Where was...?:
Sigma Harmonics (DS)
Sakura Taisen (Wii/PS2)
Lunar: Silver Star Harmony (PSP)

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Patrick Gann's Top Picks

5) Spectrobes: Origins (Wii) - I know it's a game for kids. But it handles really, really well on the Wii controls. I imagine that, should a Kingdom Hearts game ever come to the Wii, it will play like this. Except, of course, you generally only control one person in a KH game. The concept of controlling two characters with two input systems simultaneously is what will make kids (and adults) want to play this game.

4) Glory of Heracles (DS) - Just the fact that Nintendo resurrected an ancient, Japan-only RPG series was enough to get me excited. The fact that it's a Japanese take on Greek mythology makes me even happier. Tack on the bits of gameplay I experienced on the show floor, including a super-fun turn-based combat system, and I'm sold. I can't wait to play this game in full.

3) Shiren the Wanderer (Wii) - Atlus USA's surprise announcement for E3 was a huge treat for me. The DS port of the original game (released courtesy of Sega last year) was the first time the pinnacle Japanese rogue made it to the US. Based on the bit I played at the show, coupled with the general reaction by Japanese gamers of the Wii version (including a mega-high score from Famitsu), I'm guessing that I'll be playing the crap out of this game whenever Atlus drops it (not for awhile, but at least before next year's E3!).

2) Demon's Souls (PS3) - It's been a long time since I was truly excited about a From Software title. And by "a long time," I do mean forever. They really stepped up to the challenge of decent online play with this strange and difficult Diablo clone. This should be a good experience, and I'm very happy about Atlus doing the localization on it.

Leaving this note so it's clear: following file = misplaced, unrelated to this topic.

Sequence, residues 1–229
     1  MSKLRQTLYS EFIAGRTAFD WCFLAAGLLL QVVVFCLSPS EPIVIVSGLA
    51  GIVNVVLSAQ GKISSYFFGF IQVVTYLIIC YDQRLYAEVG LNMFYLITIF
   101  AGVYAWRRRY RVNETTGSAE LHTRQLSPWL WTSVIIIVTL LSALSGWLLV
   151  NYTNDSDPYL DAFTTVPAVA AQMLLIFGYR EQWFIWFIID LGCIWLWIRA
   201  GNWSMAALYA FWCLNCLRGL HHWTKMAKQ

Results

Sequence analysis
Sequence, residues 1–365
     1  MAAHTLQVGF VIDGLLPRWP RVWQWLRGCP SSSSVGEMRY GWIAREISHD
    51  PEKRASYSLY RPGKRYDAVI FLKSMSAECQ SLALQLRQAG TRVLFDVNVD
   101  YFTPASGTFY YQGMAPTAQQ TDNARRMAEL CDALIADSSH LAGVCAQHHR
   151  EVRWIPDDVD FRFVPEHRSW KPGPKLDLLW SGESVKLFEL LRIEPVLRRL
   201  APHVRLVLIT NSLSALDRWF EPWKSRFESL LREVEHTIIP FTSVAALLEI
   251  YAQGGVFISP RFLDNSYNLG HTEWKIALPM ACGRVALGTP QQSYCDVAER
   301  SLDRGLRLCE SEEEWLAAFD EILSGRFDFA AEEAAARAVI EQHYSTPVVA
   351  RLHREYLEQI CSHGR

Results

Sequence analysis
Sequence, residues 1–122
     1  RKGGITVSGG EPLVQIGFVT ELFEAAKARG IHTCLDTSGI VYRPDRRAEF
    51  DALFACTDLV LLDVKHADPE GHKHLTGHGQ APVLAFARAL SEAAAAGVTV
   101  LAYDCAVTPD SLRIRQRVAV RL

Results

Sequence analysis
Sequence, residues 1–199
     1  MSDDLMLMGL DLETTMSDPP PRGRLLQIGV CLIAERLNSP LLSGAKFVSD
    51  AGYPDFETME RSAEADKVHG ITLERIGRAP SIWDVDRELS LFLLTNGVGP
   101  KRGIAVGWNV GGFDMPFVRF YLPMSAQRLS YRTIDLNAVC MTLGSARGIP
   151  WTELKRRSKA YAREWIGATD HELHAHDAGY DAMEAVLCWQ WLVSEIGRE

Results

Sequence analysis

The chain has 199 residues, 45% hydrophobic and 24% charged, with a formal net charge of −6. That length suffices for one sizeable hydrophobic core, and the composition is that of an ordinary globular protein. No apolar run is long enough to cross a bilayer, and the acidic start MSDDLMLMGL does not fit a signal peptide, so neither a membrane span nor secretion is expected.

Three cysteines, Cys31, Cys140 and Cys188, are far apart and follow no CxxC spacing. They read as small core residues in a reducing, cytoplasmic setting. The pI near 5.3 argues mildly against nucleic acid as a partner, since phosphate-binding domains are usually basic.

1) Alpha Protocol (PC, PS3, 360) - Though it was shown off at last year's E3 as well, the excitement building around this game as it nears release this Fall is really getting under my skin. I have extremely high hopes for this "modern-day spy RPG" from Obsidian and Sega. We'll see if they deliver, but based on what I saw at the show, this is my most anticipated game for 2009.

Non-RPGs that tickled my fancy:
Dissidia: Final Fantasy (PSP)
Rock Band Unplugged (PSP)
New Super Mario Bros Wii (uh...Wii)
Tatsunoko vs. Capcom (Wii)
Closure (PC, indie)

Missing games from the show floor:
- Dragon Quest VI (DS), Dragon Quest IX (DS), Final Fantasy Versus XIII (PS3), and Sigma Harmonics (DS). What's going on S-E? I know the last one doesn't stand a chance, but you showed a trailer for Versus XIII at E3 2006! Can't we at least get a new/updated trailer this year?

- Far East of Eden: Tales of Distant Jipang (360). We got mixed signals from Hudson this year, ultimately ending with them denying any plans to bring the game to the US. But they first announced intentions to bring the game over three years ago at E3 2006. I would really like to see this game come to America.

- Sakura Taisen V (Wii). For that matter, NIS America themselves. Their games were split up and represented at Koei's and Atlus' booths respectively. I wanted to have a chance to play this game on the Wii. I did not get that chance.

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Sam Hansen's Top Picks

5) Final Fantasy Crystal Chronicles: The Crystal Bearers (Wii) - Even though I never got to have a go at the RPG side of this game (battles weren't in the demo for whatever reason), I actually had a lot of fun playing around with it. Everything was more or less a motion-controlled mini-game, and even though that's pretty much what the Wii is known for, it didn't really feel tacked on like it does in other titles. As I said in my impressions, it all tied in with the story, which forced me to play through a staggering variety of stuff. If the game can nail its battle system, I think we'll have something Wii owners can look forward to.